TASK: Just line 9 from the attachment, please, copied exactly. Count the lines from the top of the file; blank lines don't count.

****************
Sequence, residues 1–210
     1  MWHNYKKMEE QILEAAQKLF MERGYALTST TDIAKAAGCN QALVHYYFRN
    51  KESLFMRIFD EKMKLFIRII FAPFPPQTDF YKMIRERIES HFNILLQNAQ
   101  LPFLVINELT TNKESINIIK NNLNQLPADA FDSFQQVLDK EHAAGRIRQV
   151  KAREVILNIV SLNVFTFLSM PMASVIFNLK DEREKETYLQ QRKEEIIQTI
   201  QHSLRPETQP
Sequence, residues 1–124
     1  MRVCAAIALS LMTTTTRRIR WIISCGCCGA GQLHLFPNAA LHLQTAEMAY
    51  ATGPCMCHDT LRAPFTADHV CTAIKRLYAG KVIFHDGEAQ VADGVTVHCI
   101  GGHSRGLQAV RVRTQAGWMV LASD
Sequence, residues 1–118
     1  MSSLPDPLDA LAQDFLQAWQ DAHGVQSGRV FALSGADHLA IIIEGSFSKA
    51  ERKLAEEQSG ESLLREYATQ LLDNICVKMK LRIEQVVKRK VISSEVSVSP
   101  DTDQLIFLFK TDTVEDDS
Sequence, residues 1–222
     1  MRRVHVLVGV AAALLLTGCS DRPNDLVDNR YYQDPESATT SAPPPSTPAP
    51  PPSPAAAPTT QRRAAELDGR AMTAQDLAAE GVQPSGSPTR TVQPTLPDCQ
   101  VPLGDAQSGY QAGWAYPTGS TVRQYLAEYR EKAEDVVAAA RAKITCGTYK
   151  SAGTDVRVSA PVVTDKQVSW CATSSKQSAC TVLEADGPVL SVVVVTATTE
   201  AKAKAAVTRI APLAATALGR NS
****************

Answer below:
    51  ATGPCMCHDT LRAPFTADHV CTAIKRLYAG KVIFHDGEAQ VADGVTVHCI